California landlords have a right to require tenants to pay a security deposit as part of the move-in costs under state law (CA Civil Code 1940-1954.05).
However, you also have certain responsibilities you must abide by. Including how much you can collect, how you must store it, and when you must return it after a tenant moves out.
The following is a guide to security deposit laws in California.
California Security Deposit Limit
Unfortunately for landlords, there is a limit to how much security deposit you can charge tenants in California. The amount to charge depends on whether you’re renting out a furnished or an unfurnished property.
If you have provided the tenant with a furnished unit, then you must not charge a deposit exceeding 3 months’ rent. If the monthly rent is, say, $1,000 a month, then you must not charge them a deposit exceeding $3,000.
If you haven’t furnished your property, then the most you can ask from a tenant must be 2X the monthly rent. Using the same example, this means you must not charge an amount exceeding $2,000.
However, there are two exceptions to these two rules. If renting to a tenant who is an active service member, then you must subtract an amount equivalent to one month’s rent. This applies regardless of whether you’re renting out a furnished or an unfurnished rental property.
The other exception is if the tenant you rent to owns a waterbed. In such a case, you can charge an extra 1.5 times more as a deposit.
In California, a security deposit cannot be “non-refundable.” The only exception here is an application screening fee. And even so, the fee must be reasonable.
Additional Pet Deposits
If you allow pets in your rental property, then you may be able to charge an additional pet deposit. Generally speaking, landlords charge roughly $500 in pet fees and deposits. The exact amount may be dependent on things like the number, breed, and size of a pet.
As a landlord, you can only charge a pet deposit once, and may or may not be refundable, depending on the terms of the lease agreement.
Please note, however, that it’s illegal to charge additional pet fees for tenants with service or support animals. This is according to the state’s fair housing laws that prohibit discrimination based on disability, among other classes.
Storing a Tenant’s Deposit
Certain states require landlords to store their tenants’ deposits in a particular way. The state of California, however, doesn’t require landlords to store their tenants’ deposits in any particular way.
Some states also require landlords to provide their tenants with a notice of receipt for their security deposit. This isn’t the case in California. No law obligates you to do so.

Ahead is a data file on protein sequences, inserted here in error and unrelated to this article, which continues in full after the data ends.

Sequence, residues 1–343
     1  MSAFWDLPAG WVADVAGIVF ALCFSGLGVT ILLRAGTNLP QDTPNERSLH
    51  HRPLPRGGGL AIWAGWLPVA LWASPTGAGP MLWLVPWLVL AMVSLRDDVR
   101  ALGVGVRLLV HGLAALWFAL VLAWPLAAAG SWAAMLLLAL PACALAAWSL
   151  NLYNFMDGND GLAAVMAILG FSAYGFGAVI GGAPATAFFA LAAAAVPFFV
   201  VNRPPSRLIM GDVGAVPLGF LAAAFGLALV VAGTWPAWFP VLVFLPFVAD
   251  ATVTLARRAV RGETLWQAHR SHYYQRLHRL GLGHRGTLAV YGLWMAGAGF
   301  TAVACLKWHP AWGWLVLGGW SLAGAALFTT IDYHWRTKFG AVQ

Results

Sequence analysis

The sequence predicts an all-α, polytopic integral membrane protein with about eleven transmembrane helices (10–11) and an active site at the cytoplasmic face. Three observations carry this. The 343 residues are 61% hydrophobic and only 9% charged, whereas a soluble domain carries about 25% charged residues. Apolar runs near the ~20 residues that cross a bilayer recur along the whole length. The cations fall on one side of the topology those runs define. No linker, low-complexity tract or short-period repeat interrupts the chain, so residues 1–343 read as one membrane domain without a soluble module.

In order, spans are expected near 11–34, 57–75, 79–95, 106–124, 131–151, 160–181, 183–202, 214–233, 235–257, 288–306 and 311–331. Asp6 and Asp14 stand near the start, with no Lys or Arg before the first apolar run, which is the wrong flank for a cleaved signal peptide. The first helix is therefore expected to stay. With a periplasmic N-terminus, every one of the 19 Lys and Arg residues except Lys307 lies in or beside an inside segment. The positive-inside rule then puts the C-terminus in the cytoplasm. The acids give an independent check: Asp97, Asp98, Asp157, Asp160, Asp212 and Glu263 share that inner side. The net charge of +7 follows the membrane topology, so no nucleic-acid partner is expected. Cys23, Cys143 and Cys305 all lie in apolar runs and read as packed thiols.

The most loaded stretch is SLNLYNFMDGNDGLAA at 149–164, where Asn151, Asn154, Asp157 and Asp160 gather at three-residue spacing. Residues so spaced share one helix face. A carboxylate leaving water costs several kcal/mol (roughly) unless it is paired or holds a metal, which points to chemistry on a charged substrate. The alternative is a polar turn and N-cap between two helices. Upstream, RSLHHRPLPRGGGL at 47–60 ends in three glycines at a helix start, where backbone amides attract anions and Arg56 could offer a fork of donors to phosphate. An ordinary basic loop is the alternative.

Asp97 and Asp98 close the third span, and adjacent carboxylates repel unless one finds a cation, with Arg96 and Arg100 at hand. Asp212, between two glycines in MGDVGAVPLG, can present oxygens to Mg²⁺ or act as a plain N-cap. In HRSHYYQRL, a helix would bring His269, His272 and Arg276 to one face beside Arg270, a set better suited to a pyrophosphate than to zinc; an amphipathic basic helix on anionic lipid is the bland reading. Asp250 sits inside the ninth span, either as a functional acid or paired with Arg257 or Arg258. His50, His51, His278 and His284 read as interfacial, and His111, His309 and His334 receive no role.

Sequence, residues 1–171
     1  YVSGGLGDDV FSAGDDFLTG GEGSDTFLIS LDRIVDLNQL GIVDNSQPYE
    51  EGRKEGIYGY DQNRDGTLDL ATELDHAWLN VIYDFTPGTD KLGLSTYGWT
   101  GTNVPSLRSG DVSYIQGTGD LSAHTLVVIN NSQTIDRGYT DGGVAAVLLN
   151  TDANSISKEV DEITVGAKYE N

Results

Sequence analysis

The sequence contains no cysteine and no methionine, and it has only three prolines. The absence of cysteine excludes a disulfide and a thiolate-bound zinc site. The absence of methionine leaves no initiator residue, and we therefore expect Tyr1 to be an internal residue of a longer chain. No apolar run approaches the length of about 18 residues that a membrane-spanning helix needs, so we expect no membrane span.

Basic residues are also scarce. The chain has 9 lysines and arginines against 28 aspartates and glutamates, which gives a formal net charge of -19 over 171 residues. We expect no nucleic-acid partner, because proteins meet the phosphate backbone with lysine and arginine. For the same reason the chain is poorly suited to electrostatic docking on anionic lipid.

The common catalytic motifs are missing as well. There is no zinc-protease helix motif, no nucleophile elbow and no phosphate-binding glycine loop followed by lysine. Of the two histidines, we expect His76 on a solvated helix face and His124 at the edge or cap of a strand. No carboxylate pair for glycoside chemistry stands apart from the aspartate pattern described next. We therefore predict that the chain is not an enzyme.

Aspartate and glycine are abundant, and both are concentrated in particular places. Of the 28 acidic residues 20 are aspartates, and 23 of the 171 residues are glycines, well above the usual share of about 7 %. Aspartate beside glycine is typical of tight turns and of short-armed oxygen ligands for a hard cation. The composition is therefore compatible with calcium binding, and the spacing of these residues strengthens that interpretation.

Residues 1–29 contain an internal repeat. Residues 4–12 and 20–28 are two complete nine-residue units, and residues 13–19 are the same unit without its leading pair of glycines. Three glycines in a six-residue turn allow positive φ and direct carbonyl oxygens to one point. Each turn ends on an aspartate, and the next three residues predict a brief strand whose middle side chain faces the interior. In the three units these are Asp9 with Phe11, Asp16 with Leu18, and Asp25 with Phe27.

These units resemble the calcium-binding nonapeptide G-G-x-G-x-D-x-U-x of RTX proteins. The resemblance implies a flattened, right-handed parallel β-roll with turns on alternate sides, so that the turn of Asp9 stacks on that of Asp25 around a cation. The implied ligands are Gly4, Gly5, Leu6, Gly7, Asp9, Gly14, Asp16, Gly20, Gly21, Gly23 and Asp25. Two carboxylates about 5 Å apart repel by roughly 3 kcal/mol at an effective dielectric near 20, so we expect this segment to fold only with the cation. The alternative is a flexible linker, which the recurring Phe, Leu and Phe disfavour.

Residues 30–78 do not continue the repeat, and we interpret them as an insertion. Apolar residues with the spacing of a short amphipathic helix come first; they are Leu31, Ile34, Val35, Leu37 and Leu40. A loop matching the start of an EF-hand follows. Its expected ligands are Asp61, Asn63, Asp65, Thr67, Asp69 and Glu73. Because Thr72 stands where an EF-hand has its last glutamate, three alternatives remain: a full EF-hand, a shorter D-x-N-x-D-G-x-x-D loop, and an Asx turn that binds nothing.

That said, it’s still a good idea to do so nonetheless. In the notice, you may want to let the tenant know of important things such as:
- How much security deposit you have collected.
- The date you received it.
- How you’re storing it.
- What the tenant needs to do to get it back after they move out.
While there may be no statute at the state level, make sure to do due diligence at the local level. Some cities like Santa Cruz, Los Angeles, Berkeley, and San Francisco, for instance, require landlords to pay interest on the security deposit.
Reasons to Withhold a Tenant’s Deposit
Tenants, too, have a number of obligations to honor under the statewide landlord-tenant laws. For instance, paying rent on time, caring for their rented premises, and reporting issues on time.
If the tenant fails to do these things and they result in financial damage, you can make appropriate deductions to their deposit.
The state of California authorizes landlords to make appropriate deductions in the following scenarios.
- If the tenant fails to clear their rent payments at the time they are moving out.
- If the tenant leaves their rented premises in a dire state of uncleanliness.
- Cost of fixing damage exceeds normal wear and tear.
- Any restoration costs that may be mentioned in the lease agreement.
There is no legal limit on how many deductions you can make. The only requirement is that the damages be above normal wear and tear.
If the tenant’s deposit doesn’t cover all the costs, you may seek additional damages from the tenant.
Normal Wear and Tear vs. Damage
California defines normal wear and tear as the damage that occurs to a unit after standard, everyday use. The following are examples of this kind of damage.
- Lightly dirtied grout
- Faded paint
- Faded flooring
- Loose door handles
- Worn carpets
- Stained bath fixtures
- Lightly scratched glass
Damage, on the other hand, occurs as a result of carelessness, negligence, abuse, or misuse by a tenant. The following are examples.
- Holes in the wall
- Broken tiles
- Broken windows
- Heavily stained carpets
- Holes or missing carpet
- A smashed bathroom mirror
Security Deposit Refund in California
You have 21 days to return your tenant’s deposit after they have moved out of their rented premises. If there are deductions to make, then you must provide the tenant with an itemized list.
Change in Property Ownership
You have two options to consider. One option is to transfer the deposit to the incoming landlord, minus any appropriate deductions. The other option is to return the deposit back to the tenant, less allowable deductions.
Disclaimer: This blog isn’t intended to be a substitute for professional legal advice. Laws change and this information may become obsolete at the time you read it. For further help, please get in touch with a qualified attorney or an experienced property management company.
Now, you are familiar with what the California security deposit law says when it comes to handling a tenant’s security deposit. If you need help managing your rental property, Graf Property Management can help. Get in touch to learn more about our unique suite of property management services.